The Attorney-General has written to the Thai Government seeking details of ivory seized in Bangkok in April.
Assistant Director of Public Prosecutions Alexander Muteti told the Nation that Thailand was expected to provide details of those behind the shipment of the ivory valued at Sh576 million.
I am aware of the legal assistance where we need details of exporters and importers, country of origin among other vital aspects of the case, Mr Muteti said.
He said immediately Thai authorities give their response, a team would be sent to Bangkok to reship the ivory to Kenya.
On Wednesday, Thai officials destroyed two tonnes of ivory, with Kenya’s ambassador Patrick Wamoto invited to the ceremony.
Prime Minister Prayut Chan-O- Cha presided over the country’s first ivory destruction.
He said it was aimed at sending a message to poachers, traffickers and traders that the Kingdom had zero tolerance to the killing of elephants.
We will not allow Thailand to be part of such abhorrent acts, he said.
He added that the destruction of the ivory was aimed at ensuring that it would not find its way back into the market.
Mr Wamoto said he was assured that the three tonnes of ivory shipped to Thailand through Mombasa was not part of what had been destroyed.
The government has requested assistance from Thailand to have the ivory shipped back to Kenya to be used as exhibit in a case before a Mombasa court.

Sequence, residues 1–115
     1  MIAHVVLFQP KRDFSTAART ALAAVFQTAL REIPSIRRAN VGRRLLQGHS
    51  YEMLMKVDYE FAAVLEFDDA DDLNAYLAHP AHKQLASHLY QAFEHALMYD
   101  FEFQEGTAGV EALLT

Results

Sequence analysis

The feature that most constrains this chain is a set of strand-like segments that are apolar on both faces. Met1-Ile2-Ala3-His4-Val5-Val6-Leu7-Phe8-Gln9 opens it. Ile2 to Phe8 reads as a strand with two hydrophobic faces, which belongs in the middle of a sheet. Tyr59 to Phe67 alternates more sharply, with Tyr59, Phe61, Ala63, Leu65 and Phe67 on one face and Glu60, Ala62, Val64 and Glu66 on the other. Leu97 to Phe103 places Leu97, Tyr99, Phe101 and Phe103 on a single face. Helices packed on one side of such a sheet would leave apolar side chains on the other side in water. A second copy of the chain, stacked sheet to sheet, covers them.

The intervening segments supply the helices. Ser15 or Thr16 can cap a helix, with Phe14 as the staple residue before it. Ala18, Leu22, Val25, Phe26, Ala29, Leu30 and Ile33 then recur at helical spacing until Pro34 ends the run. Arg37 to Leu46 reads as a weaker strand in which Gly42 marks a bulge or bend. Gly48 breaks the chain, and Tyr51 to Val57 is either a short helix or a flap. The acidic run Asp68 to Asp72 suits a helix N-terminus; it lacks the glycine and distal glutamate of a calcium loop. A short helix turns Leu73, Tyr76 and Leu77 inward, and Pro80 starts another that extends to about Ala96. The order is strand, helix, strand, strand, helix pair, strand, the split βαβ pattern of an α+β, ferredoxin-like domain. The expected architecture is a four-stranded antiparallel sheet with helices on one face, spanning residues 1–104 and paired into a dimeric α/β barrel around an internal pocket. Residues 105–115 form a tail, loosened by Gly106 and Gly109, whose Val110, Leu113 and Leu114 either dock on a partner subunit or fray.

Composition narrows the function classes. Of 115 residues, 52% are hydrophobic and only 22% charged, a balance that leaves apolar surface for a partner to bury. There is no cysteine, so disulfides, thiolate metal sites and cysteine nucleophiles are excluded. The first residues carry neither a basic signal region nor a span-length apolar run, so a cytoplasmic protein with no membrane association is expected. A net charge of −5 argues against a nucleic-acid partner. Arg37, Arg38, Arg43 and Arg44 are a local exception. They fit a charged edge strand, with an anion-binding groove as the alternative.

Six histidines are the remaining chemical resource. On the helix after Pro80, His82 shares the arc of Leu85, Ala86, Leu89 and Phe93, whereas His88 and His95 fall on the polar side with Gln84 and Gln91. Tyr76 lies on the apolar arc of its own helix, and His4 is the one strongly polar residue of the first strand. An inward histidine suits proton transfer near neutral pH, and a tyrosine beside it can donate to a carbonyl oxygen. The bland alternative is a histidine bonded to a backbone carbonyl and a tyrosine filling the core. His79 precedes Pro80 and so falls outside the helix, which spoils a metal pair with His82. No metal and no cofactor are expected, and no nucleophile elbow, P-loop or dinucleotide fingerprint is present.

The ambassador said he used the occasion to thank the PM and the country’s environment ministry for supporting Kenya’s efforts in saving elephants and rhinos.
SACKS OF TEA
The government intends to use the reshipped ivory as exhibit in a case against Mr Abdulrahman Sheikh, Mr Sheikh Abdulrahman, Mr Sheikh Mahmoud Abdulrahman, Mr Musa Jacob Lithare, Mr Nicholas Mweri Jefwa, Mr Samwel Bakari Jefwa and Mr Samuel Mundia.
The seven are accused of exporting 511 pieces of ivory to Thailand and Singapore without a licence.
They are also charged with dealing in parts of an endangered species without a permit from the Kenya Wildlife Service.
The prosecution said the seven, who are also charged with engaging in organised crime, committed the offences on March 15 and May 20 in Mombasa.
The seized ivory was found hidden in sacks of tea.
It was tracked for months as it passed through Sri-Lanka, Malaysia and Singapore ports before being impounded in Bangkok.
Thai customs officials also seized another consignment of ivory weighing four tonnes, shipped from Mombasa. Its origin is believed to be the DR Congo.
The destroyed ivory was part of a stockpile whose investigations had been completed. It was shredded and incinerated on the outskirts of Bangkok.
Thailand has introduced penalties of up to four years imprisonment for those found engaging in illegal wildlife trade or in possession of African elephant ivory.